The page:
Am I the only one beginning to wonder if Mitt Romney really even wants to be the president? He’s such a terrible candidate to begin with, smug, awkward, given to saying the stupidest things. Yet somehow he manages to get worse and worse, on an almost daily basis, demonstrates no capacity whatsoever for learning from his mistakes, or even recognizing them. Or maybe he just can’t be bothered. Either he’s inept beyond belief, or the Oval Office appeals to him less than decaf Diet Coke.
Thanks largely to Rick Santorum’s extreme views on contraception, abortion, women in the work force, and women in the military, women have thus far been some of Romney’s most consistent supporters. They made his minuscule margins of victory over Santorum in Michigan and Ohio possible. Santorum took note, responded as any even marginally competent politician would. He started talking about the strong women in his family, and backing off a tiny bit from some of his most insane ideas.
What did Romney do? Did he, perhaps, increase his focus on women, or set about clarifying the contrasts between himself and Santorum? No, of course not. Nothing so simple, or possibly effective, for Mittens. Instead, he seemed to think his best move was to pick up Santorum’s misogynistic slack. He started talking about getting rid of Planned Parenthood, couldn’t quite bring himself to condemn Rush Limbaugh for calling notorious contraceptive user Sandra Fluke all sorts of nasty names. By this week’s primaries in Alabama and Mississippi, the gender gap had disappeared, taking with it some of Mittens’s aura of inevitability, leaving him with third place finishes in both states.
The next day, Mittens showed up on Fox News, presumably looking to regain some momentum, reassure any wavering supporters who might be toying with the thought of switching sides. It’s no big secret he’s had trouble connecting with lower income voters. Granted, he has trouble connecting with humans, generally, but comments about his friendships with Nascar and NFL team owners haven’t helped matters much. Megan Kelly offered him a golden opportunity to reach out to those who travel in less lofty social circles, asking him about what she called, “gaffes.” Did he take it, make some effort to seem even a tiny bit less clueless? Don’t be silly, of course he didn’t. Instead he pretended the problem didn’t exist, saying, “Megyn, guess what? I made a lot of money. I’ve been very successful. I’m not going to apologize for that,” and, “”You don’t win a million more votes than anyone else in this race by just appealing to high-income Americans.” Maybe he doesn’t bother reading exit polls. Who can blame him? It’s so much work, sifting through all that tedious information.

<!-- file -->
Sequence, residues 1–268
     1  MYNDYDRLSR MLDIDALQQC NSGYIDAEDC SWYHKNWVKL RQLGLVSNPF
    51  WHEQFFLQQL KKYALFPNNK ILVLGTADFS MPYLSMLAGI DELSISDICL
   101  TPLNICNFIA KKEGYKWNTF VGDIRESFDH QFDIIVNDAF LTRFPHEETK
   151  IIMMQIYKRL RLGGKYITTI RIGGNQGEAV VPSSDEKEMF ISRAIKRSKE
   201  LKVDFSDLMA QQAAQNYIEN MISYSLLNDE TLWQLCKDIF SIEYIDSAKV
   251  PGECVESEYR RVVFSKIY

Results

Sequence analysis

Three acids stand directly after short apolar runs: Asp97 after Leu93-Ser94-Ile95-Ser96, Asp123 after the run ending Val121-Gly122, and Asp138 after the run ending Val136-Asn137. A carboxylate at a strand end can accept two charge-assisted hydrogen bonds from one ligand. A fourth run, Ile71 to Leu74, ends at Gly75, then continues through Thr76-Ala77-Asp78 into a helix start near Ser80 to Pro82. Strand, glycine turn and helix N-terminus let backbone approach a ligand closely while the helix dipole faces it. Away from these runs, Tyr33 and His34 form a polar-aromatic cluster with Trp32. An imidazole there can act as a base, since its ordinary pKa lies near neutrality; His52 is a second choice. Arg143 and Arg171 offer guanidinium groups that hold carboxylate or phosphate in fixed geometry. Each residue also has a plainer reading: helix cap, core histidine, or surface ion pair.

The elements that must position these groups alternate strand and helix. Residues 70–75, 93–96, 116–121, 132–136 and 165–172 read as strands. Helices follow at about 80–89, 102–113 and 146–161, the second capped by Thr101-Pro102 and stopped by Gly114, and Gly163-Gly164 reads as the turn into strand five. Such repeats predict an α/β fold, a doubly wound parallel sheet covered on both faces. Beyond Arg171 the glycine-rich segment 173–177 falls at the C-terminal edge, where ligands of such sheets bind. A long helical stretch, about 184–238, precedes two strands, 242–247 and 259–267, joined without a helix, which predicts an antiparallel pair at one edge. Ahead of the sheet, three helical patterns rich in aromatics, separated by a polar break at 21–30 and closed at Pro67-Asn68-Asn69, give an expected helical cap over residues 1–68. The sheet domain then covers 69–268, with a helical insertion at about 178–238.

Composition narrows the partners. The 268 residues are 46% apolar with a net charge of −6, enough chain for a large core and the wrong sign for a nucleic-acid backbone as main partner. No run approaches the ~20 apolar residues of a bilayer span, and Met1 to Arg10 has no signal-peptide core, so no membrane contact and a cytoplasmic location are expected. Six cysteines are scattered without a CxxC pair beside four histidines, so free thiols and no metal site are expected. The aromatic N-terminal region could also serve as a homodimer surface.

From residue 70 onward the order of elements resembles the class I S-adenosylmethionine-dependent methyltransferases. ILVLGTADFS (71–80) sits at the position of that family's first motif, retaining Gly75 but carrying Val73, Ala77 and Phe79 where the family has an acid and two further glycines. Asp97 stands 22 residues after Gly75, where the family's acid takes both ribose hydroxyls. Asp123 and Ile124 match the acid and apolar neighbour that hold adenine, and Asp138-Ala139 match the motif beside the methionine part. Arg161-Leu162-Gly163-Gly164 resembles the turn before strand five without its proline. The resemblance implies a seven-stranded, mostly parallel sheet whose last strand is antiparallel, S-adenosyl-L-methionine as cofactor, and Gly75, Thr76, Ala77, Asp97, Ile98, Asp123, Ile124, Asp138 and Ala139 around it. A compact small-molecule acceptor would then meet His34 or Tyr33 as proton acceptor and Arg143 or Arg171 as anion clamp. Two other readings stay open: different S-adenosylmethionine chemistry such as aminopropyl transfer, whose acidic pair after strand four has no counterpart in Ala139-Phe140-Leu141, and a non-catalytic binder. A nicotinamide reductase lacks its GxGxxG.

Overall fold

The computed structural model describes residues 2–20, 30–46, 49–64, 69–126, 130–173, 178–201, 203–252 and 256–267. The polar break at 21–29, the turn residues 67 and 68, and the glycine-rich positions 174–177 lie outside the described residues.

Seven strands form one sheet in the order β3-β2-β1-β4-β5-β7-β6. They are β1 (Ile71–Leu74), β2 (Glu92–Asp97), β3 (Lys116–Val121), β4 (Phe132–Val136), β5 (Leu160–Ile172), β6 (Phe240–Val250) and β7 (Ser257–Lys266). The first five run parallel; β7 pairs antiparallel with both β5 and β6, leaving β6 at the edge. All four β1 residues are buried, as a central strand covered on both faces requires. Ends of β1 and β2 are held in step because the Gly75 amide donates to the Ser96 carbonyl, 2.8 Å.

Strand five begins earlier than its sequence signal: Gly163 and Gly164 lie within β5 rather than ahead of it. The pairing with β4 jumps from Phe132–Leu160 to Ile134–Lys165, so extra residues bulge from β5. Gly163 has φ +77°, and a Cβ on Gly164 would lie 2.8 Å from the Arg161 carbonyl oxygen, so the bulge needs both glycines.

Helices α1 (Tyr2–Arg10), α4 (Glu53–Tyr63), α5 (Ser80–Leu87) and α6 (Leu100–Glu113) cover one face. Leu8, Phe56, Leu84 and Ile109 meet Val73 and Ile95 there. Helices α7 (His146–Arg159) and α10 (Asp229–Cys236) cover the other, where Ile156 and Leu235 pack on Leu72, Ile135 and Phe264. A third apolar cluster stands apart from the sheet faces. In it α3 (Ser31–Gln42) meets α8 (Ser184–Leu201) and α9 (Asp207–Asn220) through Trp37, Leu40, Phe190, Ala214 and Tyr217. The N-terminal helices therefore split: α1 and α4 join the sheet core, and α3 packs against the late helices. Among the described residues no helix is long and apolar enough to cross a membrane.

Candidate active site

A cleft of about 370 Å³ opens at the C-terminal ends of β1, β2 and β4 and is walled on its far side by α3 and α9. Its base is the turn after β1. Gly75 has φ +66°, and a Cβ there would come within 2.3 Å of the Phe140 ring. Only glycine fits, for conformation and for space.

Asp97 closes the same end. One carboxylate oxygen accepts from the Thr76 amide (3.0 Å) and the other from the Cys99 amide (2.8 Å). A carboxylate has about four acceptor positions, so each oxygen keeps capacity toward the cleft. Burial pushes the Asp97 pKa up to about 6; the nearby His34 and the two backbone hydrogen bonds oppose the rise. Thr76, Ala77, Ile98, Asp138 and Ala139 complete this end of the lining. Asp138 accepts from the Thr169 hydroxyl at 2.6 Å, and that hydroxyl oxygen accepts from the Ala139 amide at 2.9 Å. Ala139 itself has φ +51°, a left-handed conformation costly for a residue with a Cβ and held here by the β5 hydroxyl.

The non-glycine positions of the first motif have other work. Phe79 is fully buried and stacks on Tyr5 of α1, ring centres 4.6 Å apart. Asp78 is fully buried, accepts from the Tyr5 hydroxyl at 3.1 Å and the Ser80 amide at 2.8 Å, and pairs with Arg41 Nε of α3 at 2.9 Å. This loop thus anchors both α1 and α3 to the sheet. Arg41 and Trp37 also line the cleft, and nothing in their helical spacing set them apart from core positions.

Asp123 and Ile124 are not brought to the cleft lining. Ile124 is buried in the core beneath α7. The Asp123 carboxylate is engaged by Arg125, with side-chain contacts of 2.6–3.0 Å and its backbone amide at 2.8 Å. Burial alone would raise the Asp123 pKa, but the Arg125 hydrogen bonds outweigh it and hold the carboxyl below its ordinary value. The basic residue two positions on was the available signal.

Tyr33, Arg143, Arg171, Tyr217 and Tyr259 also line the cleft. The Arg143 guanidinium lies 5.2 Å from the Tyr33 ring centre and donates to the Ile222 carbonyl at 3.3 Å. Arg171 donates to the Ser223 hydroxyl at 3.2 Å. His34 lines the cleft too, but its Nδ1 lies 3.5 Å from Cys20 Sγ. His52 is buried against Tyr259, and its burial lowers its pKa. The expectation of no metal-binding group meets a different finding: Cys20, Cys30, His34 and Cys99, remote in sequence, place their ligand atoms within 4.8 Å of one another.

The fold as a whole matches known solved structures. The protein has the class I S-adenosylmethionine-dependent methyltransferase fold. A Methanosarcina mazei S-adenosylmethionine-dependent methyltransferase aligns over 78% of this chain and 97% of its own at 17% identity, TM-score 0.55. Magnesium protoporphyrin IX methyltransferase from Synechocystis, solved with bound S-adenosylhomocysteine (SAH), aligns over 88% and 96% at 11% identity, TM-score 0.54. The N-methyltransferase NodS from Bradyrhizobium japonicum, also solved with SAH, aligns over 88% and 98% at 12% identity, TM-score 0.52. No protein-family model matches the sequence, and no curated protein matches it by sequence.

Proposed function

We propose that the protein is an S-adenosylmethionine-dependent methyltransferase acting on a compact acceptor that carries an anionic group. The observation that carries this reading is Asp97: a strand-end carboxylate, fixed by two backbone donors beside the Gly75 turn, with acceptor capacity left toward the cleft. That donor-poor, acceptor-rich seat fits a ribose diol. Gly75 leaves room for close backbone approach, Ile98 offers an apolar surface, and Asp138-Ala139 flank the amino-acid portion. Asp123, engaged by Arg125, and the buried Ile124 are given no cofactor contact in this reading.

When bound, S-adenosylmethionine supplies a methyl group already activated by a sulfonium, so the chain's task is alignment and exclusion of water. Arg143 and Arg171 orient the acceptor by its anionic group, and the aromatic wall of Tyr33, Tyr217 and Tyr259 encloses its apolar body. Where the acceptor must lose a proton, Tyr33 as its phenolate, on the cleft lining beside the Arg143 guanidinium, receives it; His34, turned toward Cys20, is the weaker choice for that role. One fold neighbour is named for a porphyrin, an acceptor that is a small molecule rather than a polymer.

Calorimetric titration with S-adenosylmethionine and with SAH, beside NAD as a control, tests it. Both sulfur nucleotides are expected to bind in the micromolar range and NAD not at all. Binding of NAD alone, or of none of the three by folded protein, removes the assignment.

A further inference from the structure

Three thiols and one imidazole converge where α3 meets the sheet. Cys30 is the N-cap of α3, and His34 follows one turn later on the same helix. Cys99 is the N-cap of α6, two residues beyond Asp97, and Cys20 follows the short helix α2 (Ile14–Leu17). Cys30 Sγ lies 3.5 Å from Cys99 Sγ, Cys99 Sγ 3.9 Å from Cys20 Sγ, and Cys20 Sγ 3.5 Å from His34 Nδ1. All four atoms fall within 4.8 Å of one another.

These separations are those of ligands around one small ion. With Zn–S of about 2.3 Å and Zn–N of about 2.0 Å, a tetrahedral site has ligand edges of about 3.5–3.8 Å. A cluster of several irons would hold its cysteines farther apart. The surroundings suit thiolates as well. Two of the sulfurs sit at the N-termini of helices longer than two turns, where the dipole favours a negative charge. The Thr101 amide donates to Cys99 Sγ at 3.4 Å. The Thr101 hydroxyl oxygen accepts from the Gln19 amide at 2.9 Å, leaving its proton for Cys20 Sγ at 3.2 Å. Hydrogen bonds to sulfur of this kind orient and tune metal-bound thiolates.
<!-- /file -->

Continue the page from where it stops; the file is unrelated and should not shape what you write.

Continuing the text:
His problems with hard core conservatives aren’t news to anyone either. They certainly played a part in his unimpressive southern showings. Kelly gave him a chance to speak to that as well, but did he take it? What do you think? Where another candidate, one of the minimally competent variety, perhaps, might have chosen to reach out to his conservative skeptics, reminding them how many of their views he shared, Mittens went in a different direction. He denied the problem existed, said anyone who claimed otherwise was wrong, “Well I’m sorry they have to go back at some other states that actually are kind of important, let’s say Florida for instance where I won and Michigan and Ohio and Nevada and New Hampshire, the list goes on. Last night by the way they’re forgetting there were a couple of other contests like Hawaii, where I won.” He modestly neglected to mention his victory in American Samoa.
No candidate is perfect. Everyone makes mistakes, of course. But Romney’s are so obvious. It’s almost as if he’s willfully choosing to alienate as many potential voters as possible every time he’s allowed to speak in public. Maybe he really is just that inept. Or maybe he’s realized he’d rather take his millions and by himself an island, a little bit too late. Maybe everything else has come to him so easily, he expects all of his ambitions to fulfill themselves, and wake him when its over. None of these possibilities suggests a presidency I’d be interested in living through. Lucky for me, Mittens is doing his level best to ensure I’ll never have to.